Soaking Grains and Beans

This time of year, when the ground begins to soften, the buds swell on bushes and trees, and squirrels resume their frisky high-wire acts, is a wonderful time to think about treating our whole grains, beans, nuts, and seeds to a long, warm soak before we eat them. More than any other time of year, spring is a time when soaking seeds puts us in touch with the rhythms of nature, because it is happening all around us in the forest, fields, and flower beds. 

All seeds contain phytic acid in the outer layer, which is there to keep the nutrients safely locked up inside until conditions are right for the seeds to soften and sprout. Seeds need 1) moisture, 2) warmth, 3) slight acidity, and 4) time in order to germinate, as anyone who has started seeds in the springtime will recognize. These conditions allow the development of phytase, among other enzymes, which neutralizes the phytic acid so the seed can sprout. When we soak beans and grains, we mimic these same conditions in order to release the nutrients before we eat them. After all, a seed's journey through the human digestive system is much shorter and simpler than through that of a cow or other ruminant animal, which has 4 stomach chambers and its own phytase to aid with this pre-digestion process! We humans have to do the early stages of food preparation outside of our bodies, and the best way to do that is to soak our grains and beans before gently cooking them.

Recently, I got to present on how to properly prepare some of my favorite bulk foods - grains, beans, nuts and seeds - at the NOFA-VT winter conference. We are so lucky to be able to purchase locally grown dried beans, whole grains, cornmeal, flour, and even occasionally rice at City Market. But in my workshop, I explained how the phytic acid in unsoaked seeds combines with minerals - like calcium, magnesium, copper, iron and zinc - to block their absorption, leading to a net mineral loss. Over time, a diet high in unsoaked grains can lead to mineral deficiencies, particularly if the diet is low in vitamins A, D, and K to help absorb available minerals (that's why eating a piece of cheddar cheese on a slice of sourdough bread or cooking a little pork with your beans is not just tasty, but advantageous from a nutrition perspective - they work synergistically to help maximize the absorption of the minerals). Soaking, like fermentation, also leads to an increase in lots of good, healthy enzymes and microorganisms like lactobacilli that break down hard-to-digest proteins and carbohydrates.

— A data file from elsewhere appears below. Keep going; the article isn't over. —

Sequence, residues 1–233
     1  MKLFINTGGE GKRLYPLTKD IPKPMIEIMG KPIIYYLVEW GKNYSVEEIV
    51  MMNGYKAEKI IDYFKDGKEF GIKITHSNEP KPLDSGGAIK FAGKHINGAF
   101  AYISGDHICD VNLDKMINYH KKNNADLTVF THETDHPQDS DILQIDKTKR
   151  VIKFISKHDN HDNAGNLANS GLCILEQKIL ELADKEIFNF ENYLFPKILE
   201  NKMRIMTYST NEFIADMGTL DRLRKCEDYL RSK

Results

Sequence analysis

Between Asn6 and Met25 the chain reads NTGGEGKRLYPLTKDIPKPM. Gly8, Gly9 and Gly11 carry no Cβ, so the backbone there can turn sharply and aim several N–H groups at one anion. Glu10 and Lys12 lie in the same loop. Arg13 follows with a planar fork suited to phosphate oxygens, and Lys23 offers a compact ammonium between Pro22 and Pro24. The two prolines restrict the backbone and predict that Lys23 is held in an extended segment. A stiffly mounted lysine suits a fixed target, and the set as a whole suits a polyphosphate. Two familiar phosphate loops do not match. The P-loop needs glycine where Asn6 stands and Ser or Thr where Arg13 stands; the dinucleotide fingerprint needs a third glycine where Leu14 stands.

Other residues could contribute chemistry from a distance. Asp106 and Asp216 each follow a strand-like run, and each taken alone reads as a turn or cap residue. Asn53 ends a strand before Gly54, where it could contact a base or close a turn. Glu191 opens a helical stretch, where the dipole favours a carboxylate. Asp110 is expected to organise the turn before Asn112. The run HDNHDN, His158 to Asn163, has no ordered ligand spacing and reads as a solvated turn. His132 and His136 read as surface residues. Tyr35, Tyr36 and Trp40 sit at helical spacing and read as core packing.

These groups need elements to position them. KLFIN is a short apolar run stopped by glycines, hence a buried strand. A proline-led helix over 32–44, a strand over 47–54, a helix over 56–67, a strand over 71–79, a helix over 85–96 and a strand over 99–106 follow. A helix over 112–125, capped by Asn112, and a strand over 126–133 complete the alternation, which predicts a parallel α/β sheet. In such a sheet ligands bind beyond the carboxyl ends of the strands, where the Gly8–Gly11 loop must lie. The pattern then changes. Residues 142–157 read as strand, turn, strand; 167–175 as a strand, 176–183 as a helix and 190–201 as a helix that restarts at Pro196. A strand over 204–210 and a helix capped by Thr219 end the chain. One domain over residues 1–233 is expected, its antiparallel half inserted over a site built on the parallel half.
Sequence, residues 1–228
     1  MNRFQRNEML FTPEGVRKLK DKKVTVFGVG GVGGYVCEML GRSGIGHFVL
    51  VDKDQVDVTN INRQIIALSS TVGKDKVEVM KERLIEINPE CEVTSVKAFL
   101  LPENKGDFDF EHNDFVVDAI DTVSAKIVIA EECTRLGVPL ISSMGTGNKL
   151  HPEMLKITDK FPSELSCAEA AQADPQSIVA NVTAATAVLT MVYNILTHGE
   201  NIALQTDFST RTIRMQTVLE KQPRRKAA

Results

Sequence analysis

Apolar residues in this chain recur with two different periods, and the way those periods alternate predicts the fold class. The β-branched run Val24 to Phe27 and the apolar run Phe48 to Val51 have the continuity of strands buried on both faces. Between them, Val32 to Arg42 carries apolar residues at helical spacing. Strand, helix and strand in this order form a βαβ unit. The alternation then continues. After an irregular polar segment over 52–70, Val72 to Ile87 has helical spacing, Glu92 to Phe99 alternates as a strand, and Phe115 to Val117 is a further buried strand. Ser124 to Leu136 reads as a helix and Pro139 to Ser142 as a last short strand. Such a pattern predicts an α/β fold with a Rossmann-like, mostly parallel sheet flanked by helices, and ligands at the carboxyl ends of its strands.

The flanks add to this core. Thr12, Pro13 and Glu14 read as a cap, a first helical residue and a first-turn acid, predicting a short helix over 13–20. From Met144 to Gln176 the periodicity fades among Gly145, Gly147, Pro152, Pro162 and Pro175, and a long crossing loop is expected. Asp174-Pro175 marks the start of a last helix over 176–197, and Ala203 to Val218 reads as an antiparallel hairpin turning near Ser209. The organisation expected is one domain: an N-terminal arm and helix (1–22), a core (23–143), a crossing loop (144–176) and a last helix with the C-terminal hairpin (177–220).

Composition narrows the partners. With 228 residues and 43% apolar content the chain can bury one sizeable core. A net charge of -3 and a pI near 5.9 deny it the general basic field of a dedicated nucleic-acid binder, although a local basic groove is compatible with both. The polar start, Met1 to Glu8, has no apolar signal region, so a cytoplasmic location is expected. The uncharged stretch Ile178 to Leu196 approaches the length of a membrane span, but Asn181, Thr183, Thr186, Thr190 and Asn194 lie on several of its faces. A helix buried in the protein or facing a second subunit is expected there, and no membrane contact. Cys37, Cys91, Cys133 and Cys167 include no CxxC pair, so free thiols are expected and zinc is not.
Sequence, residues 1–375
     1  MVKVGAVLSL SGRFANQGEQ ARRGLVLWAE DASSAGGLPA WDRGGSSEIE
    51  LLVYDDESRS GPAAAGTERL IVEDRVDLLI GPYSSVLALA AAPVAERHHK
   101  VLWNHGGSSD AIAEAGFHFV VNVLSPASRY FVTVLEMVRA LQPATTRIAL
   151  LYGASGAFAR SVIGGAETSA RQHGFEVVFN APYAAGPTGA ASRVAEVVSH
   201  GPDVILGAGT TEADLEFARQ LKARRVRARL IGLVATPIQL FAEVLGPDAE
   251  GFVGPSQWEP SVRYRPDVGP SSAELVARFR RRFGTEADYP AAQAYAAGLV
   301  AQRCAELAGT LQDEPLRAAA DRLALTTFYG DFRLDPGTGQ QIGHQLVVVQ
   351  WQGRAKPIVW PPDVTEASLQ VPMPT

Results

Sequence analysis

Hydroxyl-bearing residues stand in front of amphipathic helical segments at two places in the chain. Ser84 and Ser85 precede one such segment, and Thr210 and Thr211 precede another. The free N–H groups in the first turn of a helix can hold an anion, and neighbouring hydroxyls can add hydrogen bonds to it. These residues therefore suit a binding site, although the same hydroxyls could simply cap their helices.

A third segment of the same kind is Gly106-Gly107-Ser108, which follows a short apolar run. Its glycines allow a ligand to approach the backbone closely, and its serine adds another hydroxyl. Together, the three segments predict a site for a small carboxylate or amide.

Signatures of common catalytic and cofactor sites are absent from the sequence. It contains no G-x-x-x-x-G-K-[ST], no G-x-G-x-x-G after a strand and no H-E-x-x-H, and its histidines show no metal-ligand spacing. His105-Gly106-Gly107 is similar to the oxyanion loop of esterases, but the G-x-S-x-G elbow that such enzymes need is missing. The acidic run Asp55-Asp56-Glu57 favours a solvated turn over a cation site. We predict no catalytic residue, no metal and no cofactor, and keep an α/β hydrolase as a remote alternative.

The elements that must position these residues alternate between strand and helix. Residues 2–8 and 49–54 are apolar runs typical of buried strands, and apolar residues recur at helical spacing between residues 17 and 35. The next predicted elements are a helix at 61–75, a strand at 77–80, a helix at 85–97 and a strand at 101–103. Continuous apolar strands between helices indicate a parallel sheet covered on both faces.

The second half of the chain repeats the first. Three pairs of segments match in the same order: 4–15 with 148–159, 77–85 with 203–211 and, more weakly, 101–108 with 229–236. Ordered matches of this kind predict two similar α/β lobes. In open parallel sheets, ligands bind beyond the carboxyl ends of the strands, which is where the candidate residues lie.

In an age when most people's caloric consumption comes from carbohydrates, and even federal food guidelines urge Americans to fill half their plate with whole grains, doesn't it make sense to look at how we are preparing these foods before we eat them? Soaking grains and beans is an easy entry to increase the nutrition content of existing foods in our diets, because we can take the foods we are already eating and simply prepare them more healthfullly. Institutions, take note! If you serve whole grains like brown rice or rolled oats, consider taking the extra step of soaking prior to cooking to lead to increased nutrition content, at no added cost!

So, how do we soak seeds for cooking? Generally, whole, cracked, and rolled grains (like wheat, spelt, rye, barley, etc.) are best soaked for 8-24 hours at room temperature in plenty of water with a little bit of acidity, for example:

1 cup whole grains

6 cups warm, filtered water

2-4 Tbs. yogurt, buttermilk, kefir, whey, vinegar, or lemon juice

You can rinse the grains to remove some of the acidity. If you do rinse the water, measure a little bit less water for cooking than you normally would, as soaking grains absorb some water. They will also cook a little faster.

And what about beans? Beans are not only high in phytic acid, they additionally have a hard-to-digest sugar called raffinose. Soak beans in plenty of water (3:1 ratio) for 12-36 hours, providing fresh water every 12 hours, for example:

2 cups dried beans

6 cups warm, filtered water

When it's time to cook them, simply drain, rinse, and place in a large pot with plenty of fresh water to cover beans. Cook until tender.

Nuts and seeds are best soaked in warm, salted water and oven-dried at a low temperature so they resume their crisp texture, or better yet, dehydrated.

4 cups raw nuts, such as walnuts, pecans, or almonds (or seeds, such as sunflower or pumpkin seeds)

2 tsp. sea salt (increase to 2 Tbs. for seeds)

Mix nuts/seeds with salt. Cover with warm water, mix well, and let sit in a warm place for at 7-24 hours. Drain in a colander. Spread on a baking sheet and place in a warm oven (150 degrees, or as low as your oven goes) or dehydrator, turning occasionally, until completely dry and crisp.

For more about soaking grains, beans, nuts, and seeds, check out Nourishing Traditions, 2nd ed. by Sally Fallon and Mary Enig, PhD, and some great traditional food blogs like The Nourishing Gourmet, The Nourishing Home, and Nourished Kitchen.